Athlete Focus: Professional Go-Kart Racer Chase Hoffman
Chase Hoffman, a three-time go-kart champion and stock car racer, is one of our wonderful athletes on the Athlete Advisory Board. He told his fascinating story of how he came to start his own go-karting team and how he has helped others thrive in this industry.
How did you get into racing?
Hoffman was born in Indiana, where he began go-kart racing at the young age of five, and eventually moved up through the stock car rinks. His father was behind him the whole way, and was always a great encouragement and inspiration to Chase. When Chase was fifteen years old, he moved to Florida and went back and forth between there and Indiana, until he eventually started his own family. His oldest daughter, Teckla (age 9) grew up watching him race, and took a great interest in it. Hoffman wanted to give his daughter a chance to try it out, and see if it was something that she really wanted.
How did your daughter get into racing?
When Teckla was 7, she competed for the first time and finished 5 out of 35, which is quite impressive. After she had expressed interest, Hoffman rented the track to see if racing was something Teckla actually wanted to pursue. Hoffman adds, “my wife was going crazy…she was really nervous, but ten laps go by and Teckla is already hitting my bumper telling me to go faster.” From there, Hoffman knew it was time for his daughter to experience her first race. At such a young age, Teckla evidently experienced the normal anxieties that anyone would, but she later came off the track smiling ear-to-ear.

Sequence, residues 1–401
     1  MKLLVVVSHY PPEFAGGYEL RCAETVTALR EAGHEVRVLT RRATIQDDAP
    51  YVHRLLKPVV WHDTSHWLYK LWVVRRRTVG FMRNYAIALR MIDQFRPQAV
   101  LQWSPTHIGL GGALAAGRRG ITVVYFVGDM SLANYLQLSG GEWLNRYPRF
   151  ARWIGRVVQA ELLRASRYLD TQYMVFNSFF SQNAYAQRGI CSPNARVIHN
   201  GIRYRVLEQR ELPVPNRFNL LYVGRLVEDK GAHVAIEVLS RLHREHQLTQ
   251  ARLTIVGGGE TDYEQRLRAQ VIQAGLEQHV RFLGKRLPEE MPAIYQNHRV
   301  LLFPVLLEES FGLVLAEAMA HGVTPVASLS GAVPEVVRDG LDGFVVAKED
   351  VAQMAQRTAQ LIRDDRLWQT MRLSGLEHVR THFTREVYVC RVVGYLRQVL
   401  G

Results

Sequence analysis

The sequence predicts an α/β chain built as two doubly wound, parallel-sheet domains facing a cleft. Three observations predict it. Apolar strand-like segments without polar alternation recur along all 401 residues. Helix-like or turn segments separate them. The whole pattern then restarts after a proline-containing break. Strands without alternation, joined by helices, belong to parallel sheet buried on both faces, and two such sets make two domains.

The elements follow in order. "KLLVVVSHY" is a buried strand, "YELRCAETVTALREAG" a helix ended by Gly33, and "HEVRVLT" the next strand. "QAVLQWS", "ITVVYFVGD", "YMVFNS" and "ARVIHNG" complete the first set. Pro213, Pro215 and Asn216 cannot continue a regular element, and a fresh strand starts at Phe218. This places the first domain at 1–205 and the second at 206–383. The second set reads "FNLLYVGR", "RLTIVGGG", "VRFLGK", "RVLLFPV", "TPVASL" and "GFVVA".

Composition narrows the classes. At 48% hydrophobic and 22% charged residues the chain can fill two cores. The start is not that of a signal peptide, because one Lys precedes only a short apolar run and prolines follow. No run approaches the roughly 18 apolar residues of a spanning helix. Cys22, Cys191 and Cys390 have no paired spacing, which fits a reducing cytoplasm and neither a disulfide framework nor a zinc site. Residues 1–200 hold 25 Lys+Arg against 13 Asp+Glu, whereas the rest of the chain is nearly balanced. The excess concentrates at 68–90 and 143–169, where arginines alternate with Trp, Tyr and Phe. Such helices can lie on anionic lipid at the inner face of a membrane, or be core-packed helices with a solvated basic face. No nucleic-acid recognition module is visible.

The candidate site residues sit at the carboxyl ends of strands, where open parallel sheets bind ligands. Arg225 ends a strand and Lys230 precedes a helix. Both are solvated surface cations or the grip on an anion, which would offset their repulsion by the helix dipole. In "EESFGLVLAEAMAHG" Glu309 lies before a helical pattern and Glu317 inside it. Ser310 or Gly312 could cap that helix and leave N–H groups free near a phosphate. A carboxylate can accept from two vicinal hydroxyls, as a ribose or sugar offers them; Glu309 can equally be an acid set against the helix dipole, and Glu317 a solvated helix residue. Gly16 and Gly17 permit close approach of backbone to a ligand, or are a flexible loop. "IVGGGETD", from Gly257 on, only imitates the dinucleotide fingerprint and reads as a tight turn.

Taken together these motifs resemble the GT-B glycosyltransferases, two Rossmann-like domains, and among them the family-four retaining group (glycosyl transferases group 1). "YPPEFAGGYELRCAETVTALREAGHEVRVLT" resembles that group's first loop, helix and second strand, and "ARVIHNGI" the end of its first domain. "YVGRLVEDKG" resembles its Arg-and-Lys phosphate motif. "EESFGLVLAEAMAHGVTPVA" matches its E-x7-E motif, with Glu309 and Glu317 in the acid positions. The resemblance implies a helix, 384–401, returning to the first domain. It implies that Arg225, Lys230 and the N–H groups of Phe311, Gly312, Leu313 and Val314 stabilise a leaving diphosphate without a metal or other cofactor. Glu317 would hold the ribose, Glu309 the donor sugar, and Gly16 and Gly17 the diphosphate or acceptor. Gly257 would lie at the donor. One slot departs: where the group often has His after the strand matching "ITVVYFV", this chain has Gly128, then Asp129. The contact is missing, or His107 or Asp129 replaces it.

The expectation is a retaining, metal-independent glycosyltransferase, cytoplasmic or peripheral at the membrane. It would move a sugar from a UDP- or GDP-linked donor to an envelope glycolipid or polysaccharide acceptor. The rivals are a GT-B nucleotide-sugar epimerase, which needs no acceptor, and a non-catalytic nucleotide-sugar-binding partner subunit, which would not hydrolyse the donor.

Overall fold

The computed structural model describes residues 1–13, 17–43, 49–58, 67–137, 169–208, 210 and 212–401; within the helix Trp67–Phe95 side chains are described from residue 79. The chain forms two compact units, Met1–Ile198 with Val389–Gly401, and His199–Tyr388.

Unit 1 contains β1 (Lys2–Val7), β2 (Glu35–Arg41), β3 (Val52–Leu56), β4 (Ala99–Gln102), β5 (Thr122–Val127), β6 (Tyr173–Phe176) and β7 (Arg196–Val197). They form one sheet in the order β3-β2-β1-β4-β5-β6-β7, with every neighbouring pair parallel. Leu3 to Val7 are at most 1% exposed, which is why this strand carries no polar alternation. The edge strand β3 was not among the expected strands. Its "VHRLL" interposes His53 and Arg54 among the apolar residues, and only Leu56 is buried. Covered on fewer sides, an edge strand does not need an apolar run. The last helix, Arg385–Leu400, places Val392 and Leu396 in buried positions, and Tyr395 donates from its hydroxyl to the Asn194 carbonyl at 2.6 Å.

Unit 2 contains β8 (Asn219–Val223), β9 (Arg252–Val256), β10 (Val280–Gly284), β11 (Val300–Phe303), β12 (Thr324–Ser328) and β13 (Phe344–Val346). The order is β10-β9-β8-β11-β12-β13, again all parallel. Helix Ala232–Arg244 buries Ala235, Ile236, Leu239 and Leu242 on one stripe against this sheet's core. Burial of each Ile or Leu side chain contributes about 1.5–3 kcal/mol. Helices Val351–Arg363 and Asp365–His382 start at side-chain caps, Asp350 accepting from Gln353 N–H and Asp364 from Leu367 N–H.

How did your team come to be?
Hoffman’s love of racing and his daughter's interest inspired him to help people out and start a business to support others in the racing industry. It has become a huge team sport, as he had about 9 drivers last year that stayed with their team and tried to take nationals this year.
What is one problem you often see athletes facing in your sport?
Racing is such a money-organized sport, and it is very expensive to race as well. Because it is so expensive, sponsorships is something that Hoffman feels he has struggled with, and he tells an amazing story of how he was able to turn his situation around. Him and his family were at dinner one night and there was someone sitting next to them who was wearing a racing shirt. They got to talking and the man said that he has always wanted to sponsor a race team. Hoffman replied “here’s your chance,” and explained who he is and what he does, and he is now sponsored by a high-end landscaping company in Florida. One of the reasons Hoffman wanted to create a racing team/business was to help others financially and create a team with passion and drive. Because racing is such a money-organized sport, financial issues are always the biggest crutch. You have people donating lots of money and people who are trying to pay their way to advance through the ranks, but it is not always the person with the most money that wins. He is always trying his best for his daughter to get seat time and for kids to progress in the sport. Hoffman adds, “it’s being at the right track at the right time that is looking for real talent.” It is much better to succeed on your own and beat the wealthier people who are paying to win because you know your victory is truly deserved and it makes it all worth it in the end.